and may all your weeds be damned.


Truth about tripods...


Aimless Love

This morning as I walked along the lakeshore,
I fell in love with a wren
and later in the day with a mouse
the cat had dropped under the dining room table.

In the shadows of an autumn evening,
I fell for a seamstress
still at her machine in the tailor's window,
and later for a bowl of broth,
steam rising like smoke from a naval battle.

This is the best kind of love, I thought,
without recompense, without gifts,
or unkind words, without suspicion,
or silence on the telephone.

The love of the chestnut,
the jazz cap and one hand on the wheel.

No lust, no slam of the door--
the love of the miniature orange tree,
the clean white shirt, the hot evening shower,
the highway that cuts across Florida.

No waiting, no huffiness, or rancor--
just a twinge every now and then

for the wren who had built her nest
on a low branch overhanging the water
and for the dead mouse,
still dressed in its light brown suit.

But my heart is always propped up
in a field on its tripod,
ready for the next arrow.

After I carried the mouse by the tail
to a pile of leaves in the woods,
I found myself standing at the bathroom sink
gazing down affectionately at the soap,

so patient and soluble
so at home in its pale green soap dish.
I could feel myself falling again
as I felt its turning in my wet hands
and caught the scent of lavender and stone.

~  Billy Collins ~

: : :

I worked for a long time in the garden today before the storm blew in.  It felt good to accomplish so much
in what seemed like such a short time.  Cutting back last year's growth has a way of opening up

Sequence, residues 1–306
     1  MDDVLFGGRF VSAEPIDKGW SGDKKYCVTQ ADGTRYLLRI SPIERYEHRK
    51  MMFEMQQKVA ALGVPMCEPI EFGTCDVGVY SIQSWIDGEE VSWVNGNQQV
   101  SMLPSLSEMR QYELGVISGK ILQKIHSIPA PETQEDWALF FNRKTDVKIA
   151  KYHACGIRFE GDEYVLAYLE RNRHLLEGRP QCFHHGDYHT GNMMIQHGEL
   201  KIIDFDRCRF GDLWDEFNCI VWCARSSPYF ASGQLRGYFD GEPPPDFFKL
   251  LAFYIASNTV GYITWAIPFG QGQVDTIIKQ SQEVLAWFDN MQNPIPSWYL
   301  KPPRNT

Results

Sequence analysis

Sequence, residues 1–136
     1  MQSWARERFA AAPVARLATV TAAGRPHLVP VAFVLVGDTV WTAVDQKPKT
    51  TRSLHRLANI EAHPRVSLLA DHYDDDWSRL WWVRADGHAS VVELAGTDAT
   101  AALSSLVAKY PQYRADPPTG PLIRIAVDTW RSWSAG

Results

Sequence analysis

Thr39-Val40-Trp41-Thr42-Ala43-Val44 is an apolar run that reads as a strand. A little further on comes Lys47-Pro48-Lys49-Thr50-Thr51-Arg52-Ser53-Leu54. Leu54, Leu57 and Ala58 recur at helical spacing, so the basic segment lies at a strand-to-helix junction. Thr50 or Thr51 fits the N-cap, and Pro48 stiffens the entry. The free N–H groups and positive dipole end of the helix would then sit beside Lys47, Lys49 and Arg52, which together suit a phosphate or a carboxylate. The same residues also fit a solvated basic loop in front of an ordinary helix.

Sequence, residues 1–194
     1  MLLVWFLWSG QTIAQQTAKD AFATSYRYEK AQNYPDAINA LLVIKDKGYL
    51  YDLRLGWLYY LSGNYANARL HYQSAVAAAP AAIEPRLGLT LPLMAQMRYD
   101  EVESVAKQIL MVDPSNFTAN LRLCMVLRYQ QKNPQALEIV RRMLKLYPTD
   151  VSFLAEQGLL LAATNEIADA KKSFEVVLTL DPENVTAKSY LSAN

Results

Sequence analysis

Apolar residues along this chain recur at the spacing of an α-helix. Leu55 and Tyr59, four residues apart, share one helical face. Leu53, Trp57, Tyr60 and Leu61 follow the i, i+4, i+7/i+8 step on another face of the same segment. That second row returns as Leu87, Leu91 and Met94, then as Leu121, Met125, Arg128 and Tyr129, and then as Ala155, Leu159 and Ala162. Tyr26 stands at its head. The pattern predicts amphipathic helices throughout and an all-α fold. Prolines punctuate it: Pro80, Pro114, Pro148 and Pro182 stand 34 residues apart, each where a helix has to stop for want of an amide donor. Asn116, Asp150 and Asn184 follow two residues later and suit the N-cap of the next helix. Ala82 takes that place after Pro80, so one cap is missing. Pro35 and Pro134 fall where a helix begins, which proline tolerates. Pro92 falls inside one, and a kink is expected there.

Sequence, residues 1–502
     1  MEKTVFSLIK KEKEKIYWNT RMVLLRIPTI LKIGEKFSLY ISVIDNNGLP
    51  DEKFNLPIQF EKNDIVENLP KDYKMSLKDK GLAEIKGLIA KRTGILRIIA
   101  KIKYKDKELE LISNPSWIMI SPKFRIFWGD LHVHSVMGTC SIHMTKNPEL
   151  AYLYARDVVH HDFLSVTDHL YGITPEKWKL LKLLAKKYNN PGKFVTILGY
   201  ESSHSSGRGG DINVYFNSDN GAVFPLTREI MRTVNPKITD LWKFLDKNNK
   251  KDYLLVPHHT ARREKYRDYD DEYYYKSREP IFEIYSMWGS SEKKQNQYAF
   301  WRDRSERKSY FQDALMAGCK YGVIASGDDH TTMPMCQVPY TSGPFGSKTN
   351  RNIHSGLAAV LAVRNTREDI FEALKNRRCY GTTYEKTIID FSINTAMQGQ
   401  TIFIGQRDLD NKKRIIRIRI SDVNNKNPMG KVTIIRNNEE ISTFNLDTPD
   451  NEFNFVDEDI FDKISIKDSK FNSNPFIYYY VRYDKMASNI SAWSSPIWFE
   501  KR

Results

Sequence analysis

the composition, so to speak.  Then I came inside, sat down in front of the glowing box with a 
very hot cuppa (extra milky, extra honey) and visited a few friends.  
That's how I was introduced to Billy Collins....
Poet Laureate of the United States from 2001 to 2003.

Sometimes I think I live in a cave.

Thanks very much to Jane over at Ill Seen, Ill Said for posting his poem, Advice for Writers.
Oh, it's a beaut.


My springtime salmagundi...


Over the weekend, on & off, I muddled around in an attempt to put a new post together.
But it was useless ... a little of this, a little of that, nothing was gelling ... you know how that is.
And now it's Monday and I still have no *plot*... so guess what?  There won't be one.
Blame it on spring ... thoughts like weeds, all over the place.

I like what it says on the steering wheel of my jeep:


... the phone app made the view look like a vintage cyanotype ... love that.

For those of the knitting persuasion, likely to swoon over improvised stitches, here's
a tutorial (and video) for Five Stitches Cast On with Twist ...
the author states she had a "zen moment."
Must try this with a bead placed on each ellipse, I'm thinking.

I do a lot of that at the kitchen sink ... thinking, that is.
That's where I spied the first hummingbird of the season, out on this floriferous lovely ...

usually I hear the hummers first and spot them later, but not this year.
Ribes 'White Icicle' ... irresistible.

Also irresistible.  To some.
Amazing where spring color can pop up.  I think those gals who work at Ana-Cross Stitch
have way too much fun at their job.  Earlier in the year this pole in front of their shop was wearing blue.
Paid to YARN BOMB?!?  oh yeah.
When you think about it, what better free advertising for a yarn & stitch store?
Click here for an entertaining collection of yarn graffiti ...
scroll down to the military tank covered in pink, my fave.
Some think of it as, "improving the urban landscape one stitch at a time."
I'm fine with that.

Trying my own hand at some stitched shibori.  For this one, mokume (woodgrain effect).
I haven't a clue what I'm doing yet ...
just following the pictorial how-to trails through the internet and spending time
with like-minded gals to work on our stitching projects together.

To be followed by glorious messes with dye baths!

I'll be swearing off the chemicals and may be flying solo in our group in my determination to
use natural dyes.  Maybe one or two will eventually join me.
I'll be keeping my fingers crossed for some WOW factor results (to better coerce them).